I just got finished with three weeks of Freedom Ride rehearsals and performances at the Marigny Opera House, and there are so many things I want to share with you: working with all of my colleagues and students again after so many months; how beautifully the entire cast sang over the weekend; the new Taco Bell on Bonnabel and Veterans. But something happened to me on my last day in New Orleans that genuinely ranks as one of the single most incredible moments of my entire life. A Very Special Person said three Very Special Words to me. And this, O my Best Beloved, is that story—a new and a wonderful story—a story quite different from the other stories.
But first I should back up a little bit, to the saga of St. Mary’s Academy. Longue Vue’s intrepid Hilairie Shackai had been trying for some time to arrange a visit so Dara and Wilfred could perform a little bit of music for the students and all three of us could talk about the experience of working on an opera. The scheduling was not going well, and after a huge number of phone calls, emails, and text messages, Hilairie suggested in angst-ridden tones that maybe we should just cancel the whole thing.
I responded, “No. Don’t worry, we WILL make this happen.” Because the truth of the matter is, I love visiting schools. And I love talking to students. Some people don’t, and that’s fine. And some people don’t mind it, but they figure it’s part of their obligation as artists. That’s fine, too. But I love it, for the simple reason that I remember vividly the few times from my childhood when I was able to talk with professional actors and musicians. And one time in particular.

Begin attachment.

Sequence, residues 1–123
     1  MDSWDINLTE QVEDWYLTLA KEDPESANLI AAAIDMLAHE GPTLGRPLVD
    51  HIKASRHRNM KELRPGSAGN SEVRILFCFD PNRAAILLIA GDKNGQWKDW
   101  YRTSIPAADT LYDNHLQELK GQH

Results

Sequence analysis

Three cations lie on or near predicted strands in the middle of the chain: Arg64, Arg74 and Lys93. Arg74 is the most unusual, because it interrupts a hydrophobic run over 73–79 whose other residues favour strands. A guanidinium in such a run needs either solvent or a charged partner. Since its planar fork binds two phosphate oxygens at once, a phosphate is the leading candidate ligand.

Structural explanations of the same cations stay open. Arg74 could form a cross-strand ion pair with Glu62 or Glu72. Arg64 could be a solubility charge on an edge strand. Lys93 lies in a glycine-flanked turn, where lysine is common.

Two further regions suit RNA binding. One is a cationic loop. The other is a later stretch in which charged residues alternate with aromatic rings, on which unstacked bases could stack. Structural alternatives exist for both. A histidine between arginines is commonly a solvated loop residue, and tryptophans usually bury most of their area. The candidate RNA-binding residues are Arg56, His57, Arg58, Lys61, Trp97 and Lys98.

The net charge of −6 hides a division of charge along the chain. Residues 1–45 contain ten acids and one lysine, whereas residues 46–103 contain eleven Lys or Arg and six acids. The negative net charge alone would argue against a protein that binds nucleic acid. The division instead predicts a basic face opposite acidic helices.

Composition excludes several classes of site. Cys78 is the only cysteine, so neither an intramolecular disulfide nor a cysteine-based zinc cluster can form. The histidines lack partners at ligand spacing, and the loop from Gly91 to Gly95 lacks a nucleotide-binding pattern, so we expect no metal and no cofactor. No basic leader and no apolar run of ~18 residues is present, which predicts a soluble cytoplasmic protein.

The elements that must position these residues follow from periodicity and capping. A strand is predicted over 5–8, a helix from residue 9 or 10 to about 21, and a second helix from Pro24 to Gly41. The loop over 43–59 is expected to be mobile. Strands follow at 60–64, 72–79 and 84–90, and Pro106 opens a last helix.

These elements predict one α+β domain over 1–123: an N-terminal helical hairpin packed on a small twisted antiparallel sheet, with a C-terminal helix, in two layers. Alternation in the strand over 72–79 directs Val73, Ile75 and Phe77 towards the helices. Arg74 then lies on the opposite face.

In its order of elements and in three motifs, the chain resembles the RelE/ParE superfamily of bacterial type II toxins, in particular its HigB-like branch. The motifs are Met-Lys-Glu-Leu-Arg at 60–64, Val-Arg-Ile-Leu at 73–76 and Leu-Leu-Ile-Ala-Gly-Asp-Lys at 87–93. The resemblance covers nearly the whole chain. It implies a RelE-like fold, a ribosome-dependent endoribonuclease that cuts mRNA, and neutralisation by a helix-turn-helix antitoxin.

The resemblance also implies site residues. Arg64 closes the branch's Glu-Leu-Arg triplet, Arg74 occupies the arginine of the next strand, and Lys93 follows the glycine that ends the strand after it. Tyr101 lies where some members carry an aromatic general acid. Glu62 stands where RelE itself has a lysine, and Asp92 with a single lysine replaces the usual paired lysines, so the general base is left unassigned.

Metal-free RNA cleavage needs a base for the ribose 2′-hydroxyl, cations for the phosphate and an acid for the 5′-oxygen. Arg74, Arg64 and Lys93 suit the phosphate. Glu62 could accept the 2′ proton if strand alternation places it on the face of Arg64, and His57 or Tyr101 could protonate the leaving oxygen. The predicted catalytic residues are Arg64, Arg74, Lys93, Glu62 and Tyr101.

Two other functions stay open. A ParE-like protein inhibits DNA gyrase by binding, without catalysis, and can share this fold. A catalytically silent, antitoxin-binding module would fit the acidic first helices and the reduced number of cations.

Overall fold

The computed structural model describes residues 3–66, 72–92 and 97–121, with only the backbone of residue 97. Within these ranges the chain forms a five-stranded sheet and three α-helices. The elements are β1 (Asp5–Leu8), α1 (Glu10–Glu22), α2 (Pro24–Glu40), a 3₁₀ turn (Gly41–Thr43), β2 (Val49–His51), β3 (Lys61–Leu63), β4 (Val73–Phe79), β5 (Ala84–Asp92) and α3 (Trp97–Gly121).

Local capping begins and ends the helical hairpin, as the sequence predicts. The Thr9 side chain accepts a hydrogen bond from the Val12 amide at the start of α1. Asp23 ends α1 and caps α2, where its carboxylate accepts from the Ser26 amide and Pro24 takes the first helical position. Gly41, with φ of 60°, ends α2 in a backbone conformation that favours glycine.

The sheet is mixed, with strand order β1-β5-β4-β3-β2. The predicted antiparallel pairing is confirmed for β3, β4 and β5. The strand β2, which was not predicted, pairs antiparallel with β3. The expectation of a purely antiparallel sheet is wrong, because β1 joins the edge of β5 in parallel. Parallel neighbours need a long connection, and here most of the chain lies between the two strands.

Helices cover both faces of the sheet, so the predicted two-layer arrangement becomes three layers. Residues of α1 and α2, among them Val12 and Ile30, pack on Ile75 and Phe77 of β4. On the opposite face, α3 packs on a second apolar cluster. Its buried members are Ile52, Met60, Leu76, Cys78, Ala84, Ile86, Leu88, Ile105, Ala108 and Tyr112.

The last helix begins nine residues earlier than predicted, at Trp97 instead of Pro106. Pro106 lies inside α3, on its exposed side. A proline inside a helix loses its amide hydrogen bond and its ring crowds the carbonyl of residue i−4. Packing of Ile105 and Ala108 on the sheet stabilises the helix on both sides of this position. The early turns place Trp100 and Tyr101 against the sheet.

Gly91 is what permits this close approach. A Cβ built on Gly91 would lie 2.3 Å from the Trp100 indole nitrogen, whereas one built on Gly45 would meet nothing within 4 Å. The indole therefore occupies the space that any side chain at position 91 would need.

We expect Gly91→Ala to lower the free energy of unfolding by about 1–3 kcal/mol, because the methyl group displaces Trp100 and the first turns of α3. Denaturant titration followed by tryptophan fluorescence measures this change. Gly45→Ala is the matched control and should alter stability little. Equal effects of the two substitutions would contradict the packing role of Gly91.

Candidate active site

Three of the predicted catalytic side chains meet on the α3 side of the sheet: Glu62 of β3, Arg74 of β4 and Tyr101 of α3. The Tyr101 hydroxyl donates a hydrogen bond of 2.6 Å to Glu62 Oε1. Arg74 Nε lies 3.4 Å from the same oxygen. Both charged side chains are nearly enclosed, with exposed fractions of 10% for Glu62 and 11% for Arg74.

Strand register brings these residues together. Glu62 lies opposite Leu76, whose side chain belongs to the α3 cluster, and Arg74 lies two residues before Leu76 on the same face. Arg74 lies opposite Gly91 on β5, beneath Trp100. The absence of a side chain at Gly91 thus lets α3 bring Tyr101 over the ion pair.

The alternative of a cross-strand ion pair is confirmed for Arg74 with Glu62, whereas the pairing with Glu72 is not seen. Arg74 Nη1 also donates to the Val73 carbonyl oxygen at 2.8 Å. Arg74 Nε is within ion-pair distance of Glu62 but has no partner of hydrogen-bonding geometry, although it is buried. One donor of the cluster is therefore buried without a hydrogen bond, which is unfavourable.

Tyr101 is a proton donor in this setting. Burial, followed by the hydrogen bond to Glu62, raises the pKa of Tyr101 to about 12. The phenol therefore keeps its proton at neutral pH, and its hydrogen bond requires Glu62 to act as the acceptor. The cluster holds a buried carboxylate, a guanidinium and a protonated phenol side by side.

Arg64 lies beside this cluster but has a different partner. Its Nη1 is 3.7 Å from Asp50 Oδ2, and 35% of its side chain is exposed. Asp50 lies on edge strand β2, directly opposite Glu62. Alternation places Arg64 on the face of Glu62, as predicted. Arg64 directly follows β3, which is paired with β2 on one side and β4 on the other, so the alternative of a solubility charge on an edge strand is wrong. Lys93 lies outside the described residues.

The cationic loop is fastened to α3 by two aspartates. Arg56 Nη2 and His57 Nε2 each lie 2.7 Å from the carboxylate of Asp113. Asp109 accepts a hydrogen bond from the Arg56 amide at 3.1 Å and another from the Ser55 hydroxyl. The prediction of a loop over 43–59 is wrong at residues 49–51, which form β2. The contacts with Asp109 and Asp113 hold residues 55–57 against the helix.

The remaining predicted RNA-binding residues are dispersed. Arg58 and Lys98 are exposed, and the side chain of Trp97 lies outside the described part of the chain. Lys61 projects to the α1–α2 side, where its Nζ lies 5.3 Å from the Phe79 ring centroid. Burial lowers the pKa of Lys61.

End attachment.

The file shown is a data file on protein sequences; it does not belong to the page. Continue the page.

At nine years old, I had already received my very first paycheck for working in the theater. It was for fifty dollars, which I considered to be a tremendous amount of money, and, come to think of it, which I still consider to be a tremendous amount of money. I had performed as part of the children’s chorus for the Muhlenberg College Summer Theatre production of Oliver!, and I’m sorry to say that in the past thirty years neither my singing nor my fake British accent has much improved. At the audition, however, I told director Charlie Richter and musical director Jeremy Slavin that what I really wanted was to write operas, and there has been at least a little bit of progress on that front.
So when we were told at school that there was room on an optional field trip to see a new musical downtown at the Pennsylvania Stage Company, I was fairly drooling with excitement. It was based on Rudyard Kipling’s Just So Stories, which book I with my innate nerdiness eagerly devoured in anticipation. And the performance was thrilling to me, as just about every performance I ever saw always was. (Including Bill Harley singing “Monsters in the Bathroom,” but not including the clown who visited our school and refused to answer seriously the questions that this still-resentful editor of the elementary school newspaper put forth with true journalistic dignity.) There were professional actors onstage! They sang! They danced! They changed costumes! And this was no hobby or after-school program—this was their life. They were living the dream.